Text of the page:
One of the best lessons I received from my Masters in Education studies was a simple, straightforward comment from one of my professors. Dr. Gallo was technologically savvy. He not only guided the minds of the educators who were learning about the effective use of technology in the classroom, but he setup and supported the campus email server, network and student accounts. Given his strong penchant for technology, you would expect him to consistently find the "shiny nickel in the technology corner." However, he had a strong balanced view of technology and stated, "Remember, technology is not your friend; it's just a tool."
I was reminded of this when I read Paul Barnwell's post on Education Week Teacher titled, "Why Twitter and Facebook Are Not Good Instructional Tools." Nice provocative title, right? Through some honest admission, Paul recounts some of his trials with "shiny nickels" in his lessons. He recommends a sober approach of applying the right technology tool to the instructional design, promoting opportunities for higher levels of thinking, not just momentary engagement. That's the key, right? It's not just about getting the kids engaged through the use of technology; it's about finding that blend between using technology as an equalizer and enabler for different levels of students and for higher levels of engagement and thought in the learning event.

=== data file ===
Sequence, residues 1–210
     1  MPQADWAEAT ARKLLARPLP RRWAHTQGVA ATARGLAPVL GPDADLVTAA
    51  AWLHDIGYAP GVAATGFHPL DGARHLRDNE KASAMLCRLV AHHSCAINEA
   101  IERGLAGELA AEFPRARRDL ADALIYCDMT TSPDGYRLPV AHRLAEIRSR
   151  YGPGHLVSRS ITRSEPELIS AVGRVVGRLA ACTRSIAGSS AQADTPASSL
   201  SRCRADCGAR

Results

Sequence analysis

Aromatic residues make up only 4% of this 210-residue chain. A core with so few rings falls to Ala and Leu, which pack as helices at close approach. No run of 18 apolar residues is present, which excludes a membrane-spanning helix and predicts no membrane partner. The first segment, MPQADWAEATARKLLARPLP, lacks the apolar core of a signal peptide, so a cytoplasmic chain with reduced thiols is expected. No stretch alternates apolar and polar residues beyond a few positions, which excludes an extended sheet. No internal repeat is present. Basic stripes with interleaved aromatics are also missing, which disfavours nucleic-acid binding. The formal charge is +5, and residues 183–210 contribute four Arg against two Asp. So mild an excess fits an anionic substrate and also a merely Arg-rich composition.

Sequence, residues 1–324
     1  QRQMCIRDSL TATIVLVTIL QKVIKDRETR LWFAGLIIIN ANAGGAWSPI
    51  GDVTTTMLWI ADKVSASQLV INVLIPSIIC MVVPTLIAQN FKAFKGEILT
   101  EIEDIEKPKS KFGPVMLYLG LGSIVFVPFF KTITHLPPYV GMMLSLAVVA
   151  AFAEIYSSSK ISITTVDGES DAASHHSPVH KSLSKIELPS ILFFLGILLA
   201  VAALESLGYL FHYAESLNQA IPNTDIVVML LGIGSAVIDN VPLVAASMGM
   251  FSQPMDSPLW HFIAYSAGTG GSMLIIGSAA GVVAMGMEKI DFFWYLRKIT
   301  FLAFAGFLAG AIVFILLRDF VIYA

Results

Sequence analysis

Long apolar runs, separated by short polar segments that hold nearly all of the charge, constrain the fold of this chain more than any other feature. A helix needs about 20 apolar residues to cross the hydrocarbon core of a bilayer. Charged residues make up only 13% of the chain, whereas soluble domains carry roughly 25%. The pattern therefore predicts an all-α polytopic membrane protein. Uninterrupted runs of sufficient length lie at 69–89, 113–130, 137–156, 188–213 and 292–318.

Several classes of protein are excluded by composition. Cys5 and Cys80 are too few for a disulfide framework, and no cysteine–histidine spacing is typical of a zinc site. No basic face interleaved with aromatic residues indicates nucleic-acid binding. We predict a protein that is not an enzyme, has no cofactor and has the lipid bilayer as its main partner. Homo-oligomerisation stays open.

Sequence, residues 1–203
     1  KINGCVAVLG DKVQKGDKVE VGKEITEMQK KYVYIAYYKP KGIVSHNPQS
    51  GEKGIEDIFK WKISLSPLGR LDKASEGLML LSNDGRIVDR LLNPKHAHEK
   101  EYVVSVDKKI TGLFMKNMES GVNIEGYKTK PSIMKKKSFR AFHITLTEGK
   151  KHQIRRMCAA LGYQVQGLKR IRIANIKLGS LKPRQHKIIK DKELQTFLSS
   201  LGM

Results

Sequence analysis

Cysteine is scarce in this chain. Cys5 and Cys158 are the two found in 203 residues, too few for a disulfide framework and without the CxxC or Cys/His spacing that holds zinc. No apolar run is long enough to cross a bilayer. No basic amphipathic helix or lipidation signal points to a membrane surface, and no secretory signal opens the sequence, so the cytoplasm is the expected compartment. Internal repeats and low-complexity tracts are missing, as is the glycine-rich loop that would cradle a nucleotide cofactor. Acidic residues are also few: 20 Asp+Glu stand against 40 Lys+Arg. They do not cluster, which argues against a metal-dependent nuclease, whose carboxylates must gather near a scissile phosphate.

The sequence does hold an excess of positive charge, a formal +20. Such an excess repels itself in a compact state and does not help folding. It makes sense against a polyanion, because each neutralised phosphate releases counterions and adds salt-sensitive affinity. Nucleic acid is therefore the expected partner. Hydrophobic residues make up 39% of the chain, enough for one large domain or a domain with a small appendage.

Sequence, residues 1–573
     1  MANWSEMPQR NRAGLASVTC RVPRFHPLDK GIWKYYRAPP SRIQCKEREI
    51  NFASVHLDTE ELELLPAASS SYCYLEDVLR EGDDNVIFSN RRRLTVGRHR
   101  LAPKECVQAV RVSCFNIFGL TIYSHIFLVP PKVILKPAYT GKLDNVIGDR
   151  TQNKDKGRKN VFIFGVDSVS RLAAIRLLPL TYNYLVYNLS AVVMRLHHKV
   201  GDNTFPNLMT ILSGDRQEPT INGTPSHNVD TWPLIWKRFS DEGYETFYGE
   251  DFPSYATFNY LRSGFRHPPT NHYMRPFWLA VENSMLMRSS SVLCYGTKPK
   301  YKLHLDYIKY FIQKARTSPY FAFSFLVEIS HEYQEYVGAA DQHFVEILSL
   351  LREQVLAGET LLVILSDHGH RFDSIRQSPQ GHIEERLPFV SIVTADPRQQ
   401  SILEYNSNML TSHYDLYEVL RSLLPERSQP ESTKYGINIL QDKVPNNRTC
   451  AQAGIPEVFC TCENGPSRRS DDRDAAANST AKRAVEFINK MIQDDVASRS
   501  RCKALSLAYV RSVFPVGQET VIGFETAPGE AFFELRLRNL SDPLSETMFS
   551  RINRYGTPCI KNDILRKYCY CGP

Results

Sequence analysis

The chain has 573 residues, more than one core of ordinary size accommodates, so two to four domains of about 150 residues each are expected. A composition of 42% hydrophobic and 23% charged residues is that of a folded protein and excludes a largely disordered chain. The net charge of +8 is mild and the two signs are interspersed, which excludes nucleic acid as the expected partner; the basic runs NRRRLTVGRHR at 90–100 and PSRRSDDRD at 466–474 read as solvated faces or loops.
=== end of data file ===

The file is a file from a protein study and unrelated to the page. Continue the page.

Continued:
If you take the time to click on the link and read Paul's post, please also take a moment to read through the comments. I particularly liked the comment by EPlybon suggesting that what Paul's post "really reveals isn't evidence against using social media in your classroom, but is more of a confession that you once used technology in a meaningless way, but have learned to be more discriminatory when planning lessons."
See what you think.